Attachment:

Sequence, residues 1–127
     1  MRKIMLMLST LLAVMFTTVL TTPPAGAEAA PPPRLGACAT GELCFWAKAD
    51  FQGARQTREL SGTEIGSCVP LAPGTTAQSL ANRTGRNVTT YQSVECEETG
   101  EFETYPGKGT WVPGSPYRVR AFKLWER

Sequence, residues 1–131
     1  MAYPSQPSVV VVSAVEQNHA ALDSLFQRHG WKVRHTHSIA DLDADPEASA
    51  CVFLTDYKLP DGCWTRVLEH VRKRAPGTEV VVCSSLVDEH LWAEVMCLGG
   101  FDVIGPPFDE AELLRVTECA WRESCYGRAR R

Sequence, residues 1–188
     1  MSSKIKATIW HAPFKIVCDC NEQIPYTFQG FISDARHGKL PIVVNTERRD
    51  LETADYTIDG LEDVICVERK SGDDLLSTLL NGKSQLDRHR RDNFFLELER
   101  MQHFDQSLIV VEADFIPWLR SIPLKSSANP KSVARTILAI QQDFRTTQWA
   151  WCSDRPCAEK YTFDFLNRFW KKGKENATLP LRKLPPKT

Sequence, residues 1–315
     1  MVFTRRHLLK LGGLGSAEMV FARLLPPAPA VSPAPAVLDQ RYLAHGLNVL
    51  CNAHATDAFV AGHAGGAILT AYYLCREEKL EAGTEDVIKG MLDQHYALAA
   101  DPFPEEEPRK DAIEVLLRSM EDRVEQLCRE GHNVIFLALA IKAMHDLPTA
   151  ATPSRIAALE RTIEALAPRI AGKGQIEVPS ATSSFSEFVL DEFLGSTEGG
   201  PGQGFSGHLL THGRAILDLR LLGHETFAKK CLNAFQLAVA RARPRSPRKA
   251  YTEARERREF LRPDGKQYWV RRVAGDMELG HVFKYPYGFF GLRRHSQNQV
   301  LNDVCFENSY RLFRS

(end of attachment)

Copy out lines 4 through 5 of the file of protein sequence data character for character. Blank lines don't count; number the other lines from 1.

   101  EFETYPGKGT WVPGSPYRVR AFKLWER

Sequence, residues 1–131